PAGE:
Now in its 55th year, the Tutorial Project enables Hopkins students to reach out and make a difference in the lives of children in the Baltimore community.
The program pairs elementary school students with Hopkins undergraduates who tutor them in math and reading. At the beginning of the semester, the children get the chance to briefly talk to all of the tutors in a meet and greet session. The organizers then match each student with a tutor who will best be able to help them. Together, the students and tutors set academic goals to work towards.
The role of the tutor often goes beyond academic support. Many of the students in the program face challenges such as poverty and growing up in a single parent home.
“Just being a mentor and being a positive role model is what the kids need,” Young Song, the Tutorial Project Director, said. “They need a social, emotional connection with someone they can depend on.”
Song, who taught Kindergarten and worked in Human Resources before taking the helm at the Tutorial Project seven years ago, has worked hard to widen the focus of the program and help the children more holistically.
“For some of these kids, they have that emotional emptiness,” Song said. “They need someone sometimes in order to learn. Someone to build their self esteem and self confidence and encourage them to take the chance to raise their hand in class.”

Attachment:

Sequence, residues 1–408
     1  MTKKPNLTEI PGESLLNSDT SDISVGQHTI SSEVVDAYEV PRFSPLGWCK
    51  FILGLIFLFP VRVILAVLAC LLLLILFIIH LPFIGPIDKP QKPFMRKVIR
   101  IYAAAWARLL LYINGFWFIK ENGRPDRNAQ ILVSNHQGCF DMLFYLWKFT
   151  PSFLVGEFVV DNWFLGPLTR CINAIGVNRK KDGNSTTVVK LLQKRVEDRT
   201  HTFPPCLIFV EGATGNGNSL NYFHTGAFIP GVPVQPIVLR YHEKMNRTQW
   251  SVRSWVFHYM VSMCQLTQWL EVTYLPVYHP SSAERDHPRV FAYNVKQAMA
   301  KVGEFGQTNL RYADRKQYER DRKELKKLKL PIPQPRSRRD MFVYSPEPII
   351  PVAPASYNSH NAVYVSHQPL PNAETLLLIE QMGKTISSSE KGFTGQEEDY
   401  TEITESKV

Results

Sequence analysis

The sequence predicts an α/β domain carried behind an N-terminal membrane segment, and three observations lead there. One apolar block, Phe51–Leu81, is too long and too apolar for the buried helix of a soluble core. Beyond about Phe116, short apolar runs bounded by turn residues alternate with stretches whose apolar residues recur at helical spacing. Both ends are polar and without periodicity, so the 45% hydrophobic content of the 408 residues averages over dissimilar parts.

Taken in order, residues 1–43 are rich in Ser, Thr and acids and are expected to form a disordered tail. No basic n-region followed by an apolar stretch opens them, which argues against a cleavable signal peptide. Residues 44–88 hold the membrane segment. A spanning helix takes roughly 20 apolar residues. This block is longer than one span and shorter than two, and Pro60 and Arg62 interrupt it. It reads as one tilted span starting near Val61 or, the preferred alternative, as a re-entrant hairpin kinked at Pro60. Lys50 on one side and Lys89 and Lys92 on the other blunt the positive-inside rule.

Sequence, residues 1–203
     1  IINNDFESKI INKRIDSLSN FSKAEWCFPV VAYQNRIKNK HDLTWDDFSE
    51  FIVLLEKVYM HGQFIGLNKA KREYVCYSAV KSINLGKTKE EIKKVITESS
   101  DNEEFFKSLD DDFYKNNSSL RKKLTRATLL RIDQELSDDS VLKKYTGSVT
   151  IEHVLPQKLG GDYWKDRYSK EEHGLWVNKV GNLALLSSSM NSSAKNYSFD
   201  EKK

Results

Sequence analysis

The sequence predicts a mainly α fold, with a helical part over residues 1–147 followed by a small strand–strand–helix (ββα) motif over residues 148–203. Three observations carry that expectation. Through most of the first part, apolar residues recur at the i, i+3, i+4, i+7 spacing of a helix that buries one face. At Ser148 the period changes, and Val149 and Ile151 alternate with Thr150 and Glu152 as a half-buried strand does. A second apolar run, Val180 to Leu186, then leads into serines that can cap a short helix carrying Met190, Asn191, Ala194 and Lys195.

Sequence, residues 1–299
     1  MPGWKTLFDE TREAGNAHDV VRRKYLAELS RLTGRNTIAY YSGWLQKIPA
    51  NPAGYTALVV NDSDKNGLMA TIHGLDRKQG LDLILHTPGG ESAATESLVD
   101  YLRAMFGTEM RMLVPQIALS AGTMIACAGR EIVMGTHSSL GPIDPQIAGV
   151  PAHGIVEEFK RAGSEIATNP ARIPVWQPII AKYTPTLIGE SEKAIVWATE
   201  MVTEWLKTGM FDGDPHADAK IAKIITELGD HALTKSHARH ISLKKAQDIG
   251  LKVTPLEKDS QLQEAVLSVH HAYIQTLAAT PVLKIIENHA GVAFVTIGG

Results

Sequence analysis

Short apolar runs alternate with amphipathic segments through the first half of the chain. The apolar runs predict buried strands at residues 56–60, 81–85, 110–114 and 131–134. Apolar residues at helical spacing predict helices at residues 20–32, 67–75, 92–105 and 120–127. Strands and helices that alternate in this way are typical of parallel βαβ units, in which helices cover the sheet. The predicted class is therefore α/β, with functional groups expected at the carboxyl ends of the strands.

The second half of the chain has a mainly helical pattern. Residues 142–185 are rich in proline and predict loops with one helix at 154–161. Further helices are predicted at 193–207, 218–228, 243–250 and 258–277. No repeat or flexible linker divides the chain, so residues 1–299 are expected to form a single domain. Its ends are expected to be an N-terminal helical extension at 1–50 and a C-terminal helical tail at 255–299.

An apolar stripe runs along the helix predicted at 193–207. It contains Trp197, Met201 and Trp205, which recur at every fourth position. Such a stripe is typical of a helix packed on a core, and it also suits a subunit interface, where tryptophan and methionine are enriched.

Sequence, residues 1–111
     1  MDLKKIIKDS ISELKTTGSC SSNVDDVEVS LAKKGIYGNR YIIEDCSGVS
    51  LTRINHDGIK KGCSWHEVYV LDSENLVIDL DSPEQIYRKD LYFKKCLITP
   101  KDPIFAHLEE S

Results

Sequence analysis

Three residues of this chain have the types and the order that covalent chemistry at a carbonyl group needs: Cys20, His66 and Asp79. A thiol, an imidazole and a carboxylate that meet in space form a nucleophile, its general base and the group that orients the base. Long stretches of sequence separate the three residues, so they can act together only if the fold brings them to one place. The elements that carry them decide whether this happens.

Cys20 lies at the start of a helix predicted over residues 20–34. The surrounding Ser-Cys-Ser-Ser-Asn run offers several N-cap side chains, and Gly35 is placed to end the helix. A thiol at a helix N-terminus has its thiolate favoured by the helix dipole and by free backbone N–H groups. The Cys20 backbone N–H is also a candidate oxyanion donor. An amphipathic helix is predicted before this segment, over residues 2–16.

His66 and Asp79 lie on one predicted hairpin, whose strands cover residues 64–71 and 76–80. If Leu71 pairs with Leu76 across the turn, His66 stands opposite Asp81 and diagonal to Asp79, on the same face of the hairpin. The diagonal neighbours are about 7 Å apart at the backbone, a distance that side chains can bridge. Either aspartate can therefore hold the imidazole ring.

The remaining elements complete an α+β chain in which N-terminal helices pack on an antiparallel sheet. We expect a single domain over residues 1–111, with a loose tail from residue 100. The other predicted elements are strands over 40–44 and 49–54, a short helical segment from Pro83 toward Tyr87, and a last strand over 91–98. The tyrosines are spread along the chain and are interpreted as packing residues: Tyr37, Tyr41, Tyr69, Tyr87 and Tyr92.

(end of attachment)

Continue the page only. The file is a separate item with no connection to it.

Looking forward, Song hopes to set up a referral service for children with emotional needs that the program alone cannot meet.
The program also benefits the tutors.
”It’s a great experience for Hopkins students who do it too because people are always stressed out here, which is understandable because it’s a very high stress environment,” junior Frankie Svilder, one of the two student directors of the program, said. “But, I think taking a break two days a week to help out kids is very much needed because you learn so many things from being a tutor like being patient and different ways to solve problems.”
Svidler, who has been tutoring kids since high school, joined the Tutorial Project as a freshman. She started by tutoring one-on-one and later became responsible for overseeing a larger group of students. This year, as a student director, she has increased the number of children enrolled from 54 to 60 and hopes to see that number rise as the program continues to grow.
“So many kids reach their goals and it’s so awesome,” Svidler said. “It’s so nice to see them so happy and proud.”
Similar to Svidler, freshman Rachel Kassler joined the Tutorial Project because she already had experience working with children. Throughout high school, she volunteered at a therapeutic riding center that provided horseback riding lessons to children with physical and mental disabilities.
“It helps them see that they are able to control their environment and have an effect on their environment,” Kassler said.
Last semester, she started tutoring a nine-year-old girl and helped her reach her goals in the areas of reading comprehension and math.
“The experiences are very different, but what carries [on] is positive encouragement by someone older than you that’s helping you out, [which] definitely lets you know that you can do things on your own,” Kassler said.